Mummy is not a bad mother
- Stop guilt-shaming overwhelmed mothers who just need space
Dec 31, 2017-I think I speak for a lot of women out there when I say--the respect for our mothers increases a million fold after we become a mother. Despite the nausea and tiredness that comes with pregnancy the whole experience is still fun. But what happens post pregnancy is something that no one prepares us for. No matter what people say, the journey is difficult and it affects us deeply, which is why we start to look at our mothers in a different light.
Millions of women become mothers every day. Because it’s biological and has been happening since as far back as we can remember, motherhood is something that we all take rather casually. Mothers have not complained, they have not made excuses, and even if they felt the burden of motherhood, they’ve silently persisted. Frankly, there have been days where I have despised and resented being a mother. There I said it! This does not mean that I love or care for my little one any less, but I am sure many will jump to guilt-trip me and tag me a bad mother.
Why is there a stigma attached to conversations regarding the weight of motherhood? In this wonderful journey, there are moments when we hate being a mother. Don’t get me wrong, there’s plenty of happiness too and all mothers will share this view with enthusiasm. For me, holding my newborn for the first time was surreal. As a mother the most profound joy for me came in the simplest of things: when the little one makes eye contact for the first time, when she wakes up in the morning and gives her signature smile, when she first says mama, rolls over etc., the joys continue. However, there is the flip side to all of this too, and its awful. Mothers are reluctant to share this awfulness of motherhood for the fear of being shamed and judged.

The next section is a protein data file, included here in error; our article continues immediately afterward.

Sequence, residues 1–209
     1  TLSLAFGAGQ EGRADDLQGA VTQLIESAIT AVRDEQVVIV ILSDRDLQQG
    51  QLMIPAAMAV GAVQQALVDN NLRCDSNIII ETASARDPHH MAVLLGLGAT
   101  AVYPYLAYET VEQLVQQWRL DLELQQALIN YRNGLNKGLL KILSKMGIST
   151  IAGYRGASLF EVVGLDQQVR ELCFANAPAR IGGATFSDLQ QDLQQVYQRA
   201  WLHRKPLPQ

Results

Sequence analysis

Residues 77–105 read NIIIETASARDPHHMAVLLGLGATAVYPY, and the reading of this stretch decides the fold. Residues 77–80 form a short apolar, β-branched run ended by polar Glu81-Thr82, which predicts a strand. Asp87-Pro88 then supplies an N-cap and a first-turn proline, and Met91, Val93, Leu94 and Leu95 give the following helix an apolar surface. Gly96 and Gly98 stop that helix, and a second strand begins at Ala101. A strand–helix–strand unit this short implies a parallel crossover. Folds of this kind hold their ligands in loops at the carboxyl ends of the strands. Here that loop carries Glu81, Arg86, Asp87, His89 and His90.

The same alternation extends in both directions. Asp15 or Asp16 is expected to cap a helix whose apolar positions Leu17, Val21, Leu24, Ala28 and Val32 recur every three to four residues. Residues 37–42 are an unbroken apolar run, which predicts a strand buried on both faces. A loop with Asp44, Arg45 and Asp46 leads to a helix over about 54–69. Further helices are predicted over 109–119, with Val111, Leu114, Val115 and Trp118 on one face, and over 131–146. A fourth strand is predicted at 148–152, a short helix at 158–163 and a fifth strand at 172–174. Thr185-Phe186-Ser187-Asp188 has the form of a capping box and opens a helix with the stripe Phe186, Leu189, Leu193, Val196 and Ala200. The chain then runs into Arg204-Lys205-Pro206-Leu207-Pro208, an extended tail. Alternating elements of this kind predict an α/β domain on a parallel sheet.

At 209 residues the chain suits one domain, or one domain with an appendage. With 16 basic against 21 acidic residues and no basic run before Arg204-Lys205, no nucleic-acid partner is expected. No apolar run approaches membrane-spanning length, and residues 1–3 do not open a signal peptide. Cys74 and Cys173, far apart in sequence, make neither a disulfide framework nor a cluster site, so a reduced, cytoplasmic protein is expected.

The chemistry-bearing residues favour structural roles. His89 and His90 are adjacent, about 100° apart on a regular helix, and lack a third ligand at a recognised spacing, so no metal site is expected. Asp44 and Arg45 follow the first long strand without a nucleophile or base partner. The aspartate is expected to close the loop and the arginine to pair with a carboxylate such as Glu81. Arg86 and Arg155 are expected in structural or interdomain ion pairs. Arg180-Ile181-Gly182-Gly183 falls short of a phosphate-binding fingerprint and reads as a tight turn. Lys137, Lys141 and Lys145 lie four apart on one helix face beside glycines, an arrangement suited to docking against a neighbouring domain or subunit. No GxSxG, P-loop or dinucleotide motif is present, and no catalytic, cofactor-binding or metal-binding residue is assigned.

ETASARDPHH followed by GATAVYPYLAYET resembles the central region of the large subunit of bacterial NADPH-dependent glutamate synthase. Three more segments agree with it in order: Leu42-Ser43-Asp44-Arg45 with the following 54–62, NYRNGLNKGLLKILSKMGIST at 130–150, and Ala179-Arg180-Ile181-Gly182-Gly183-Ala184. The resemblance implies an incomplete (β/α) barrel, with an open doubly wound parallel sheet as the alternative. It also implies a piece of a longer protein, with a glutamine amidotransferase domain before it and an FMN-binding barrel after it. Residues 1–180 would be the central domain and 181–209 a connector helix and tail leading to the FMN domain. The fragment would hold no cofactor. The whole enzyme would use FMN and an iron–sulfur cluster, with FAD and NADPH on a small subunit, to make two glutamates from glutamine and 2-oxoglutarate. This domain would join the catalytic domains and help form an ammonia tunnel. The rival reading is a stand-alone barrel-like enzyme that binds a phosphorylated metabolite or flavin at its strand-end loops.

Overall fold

We are an emotional havoc post-delivery. There are so many emotions involved that it is difficult to process. Yes, it’s part hormonal but there is also the other side. The process of labour is in itself in the most traumatising experience that a woman goes through. The scars heal but the abdominal, back and pelvic pain continues for many women even years after delivery. Then there are the sleepless nights and moments when you have no energy but still you have to muster the courage to push yourself to care for your little one. And your body changes in so many ways that it is difficult to recognise yourself. There is also the lingering fear of your child dying--suffocation, starvation, random objects etc., you probably never lived in such fear and it can be draining. Months down the line, you still despise your body. You’re out of shape, clothes don’t fit, you have ugly scars, your boobs are no longer perky, and you have to deal with the constant needs of a little human being that does not let you eat or poop in peace. There’s no denying that each one of us endures this negative side of motherhood to a certain degree. So why guilt-shame mothers for sharing?
To all the women out there, it is okay to talk about all the bad stuff too. It doesn’t make you less of a mother and it doesn’t make you a bad mother. Dear society, stop scrutinising mothers, if anything, there are two parents who are supposed to raise a kid. Create a space where it is ok to share freely how awful she feels being a mother. Don’t roll your eyes if she slacks a little or complains. Fathers, she just needs a break, so step up and enjoy fatherhood. And everyone else, stop with the guilt-shaming.
Mothers will forget because once the kid is grown, these minute breakdowns are thing of the past. The joy of seeing the baby grow and thrive is enough to overshadow the fleeting pain. Perhaps this is the reason we persist despite difficulty and we prepare ourselves for the second and third baby; because joys overshadow the pains. So, in that brief instant of motherly distress, for the wellbeing of the mother, let her share how tormented she feels, how she despises her life, how tiring and annoying it gets and keep our judgmental eyes shut. Instead encourage her, tell her she is doing good, and that it is just a matter time and the feeling will pass. Most importantly, tell her it’s normal and her feeling negative doesn’t make her a bad mother--she is just a little overwhelmed!
- Dhakal is a communications consultant by profession, and a mother
Published: 31-12-2017 08:22
- motherly distress